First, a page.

En Route – This is where the controller is responsible for airspace with defined dimensions; where aircraft are monitored with the use of radar. The job of the controller is to keep the planes separated both vertically and horizontally. Spacing is normally 1,000 feet of altitude or 5 miles vertically apart. En Route controllers require a little longer training period but have a higher pay scale than a Terminal Operator.
While you are taking FAA classes you are in a classroom with seventeen other people and are working for a grade based on a points system. The classes are hard and only about 50% graduate. But, keep in mind that some people who pass the entrance exam and are accepted have studied on their own and have not taken a program like the one at TCC. In 2014, six of the TCC graduates who completed our program went to the FAA school to become certified as Terminal controllers, all six graduated the FAA Academy. TCC also had six graduates successfully complete the En Route program that year.
There are age restrictions. You must enter the hiring process before your 31st birthday. Retirement is mandatory at age 56 but you are eligible to retire any age after working 25 years. There are also strict medical and mental requirements. Conditions like diabetes, high blood pressure and heart disease disqualify applicants as well as diagnosis of mental conditions like depression. Applicants are required to take psychological test to screen for mental disorders. Any history of drug abuse is also a disqualifier.
The number of students the FAA takes each year varies depending on how many people are retiring or leaving the profession. It can be as few as a couple of thousand to five thousand. Normally about twenty-eight thousand apply – so admission is competitive. You need to score high on your entrance exam and be able to meet the physical qualifications in order to be accepted.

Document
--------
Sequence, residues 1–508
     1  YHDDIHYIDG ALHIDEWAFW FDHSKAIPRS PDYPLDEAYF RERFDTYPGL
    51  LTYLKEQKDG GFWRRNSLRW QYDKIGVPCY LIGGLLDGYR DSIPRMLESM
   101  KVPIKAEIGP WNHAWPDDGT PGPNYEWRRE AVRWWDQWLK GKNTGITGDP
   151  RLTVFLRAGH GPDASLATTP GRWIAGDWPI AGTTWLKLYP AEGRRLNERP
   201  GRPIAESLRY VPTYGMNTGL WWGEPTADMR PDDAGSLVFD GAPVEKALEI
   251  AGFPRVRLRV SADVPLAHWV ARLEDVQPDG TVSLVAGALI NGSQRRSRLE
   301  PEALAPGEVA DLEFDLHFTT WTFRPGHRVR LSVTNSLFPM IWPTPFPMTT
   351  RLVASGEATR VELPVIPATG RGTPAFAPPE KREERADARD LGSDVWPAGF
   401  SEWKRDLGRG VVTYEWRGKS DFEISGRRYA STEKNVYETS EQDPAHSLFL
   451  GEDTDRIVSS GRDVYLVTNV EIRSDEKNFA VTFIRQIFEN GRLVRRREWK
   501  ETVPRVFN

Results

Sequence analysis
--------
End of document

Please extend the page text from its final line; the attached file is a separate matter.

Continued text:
My Experience as an Air Traffic Controller
I graduated the Academy as a Terminal Controller. My first duty location was Riverside Air Traffic Control Tower located at the R.L. Jones Jr. Airport in South Tulsa. The airport’s control tower is open between 7 AM to 10 PM daily. As a controller you cannot work more than 10 hours a day and cannot work more than six consecutive days without a day off. Typically you would work a forty hour work week.
During my career I also worked at Tulsa International Airport and the FAA Fort Worth Regional Office. Tulsa’s control tower is open 24/7 and requires controllers to work a variety of different shifts. Because the tower has to be manned 24/7, these various shifts can be difficult for some people and disrupt their sleep patterns.
As an Air Traffic Controller you are constantly working with a team of people, not only from your facility but also from other facilities. The controller’s at Tulsa International work with controllers from Riverside Tower, Kansas City Center, Memphis Center, Ft. Worth Center, Flight Service Stations, and of course pilots. I always enjoyed working with all these people as well as the satisfaction I got from keeping everyone who was flying safe.
However controllers face a lot of stress, especially at peak air traffic times and when weather turns bad. Most airplane accidents are caused by aircraft mechanical problems, weather, and pilot error but rarely by controller error. This is especially true for the private pilots that use Riverside compared to professional pilots. All of the accidents I have seen involved private pilots. They ranged from aircraft mechanical problems, to poor decisions by the pilots, or lack of experience by the pilot. For example, I had one pilot who insisted on taking off and using instruments when the visibility was low even though we later found out that he had only limited experience and training flying with instruments. He crashed only a few miles from the airport and both he and his passenger were killed. We also had a new pilot who had the throttle get stuck on his plane and he could not get the speed down to land. We got a mechanic on the radio and the mechanic suggested the pilot to kill the engine on approach and glide the plane to a safe landing, this was a success by the pilot still stressful for all involved. But, it is hard to handle the rare occasions when a pilot, who is someone you know, is killed especially when you see the crash. Controllers sometimes have to take a day or two off to recover from the emotional trauma. Counselors are provided when needed.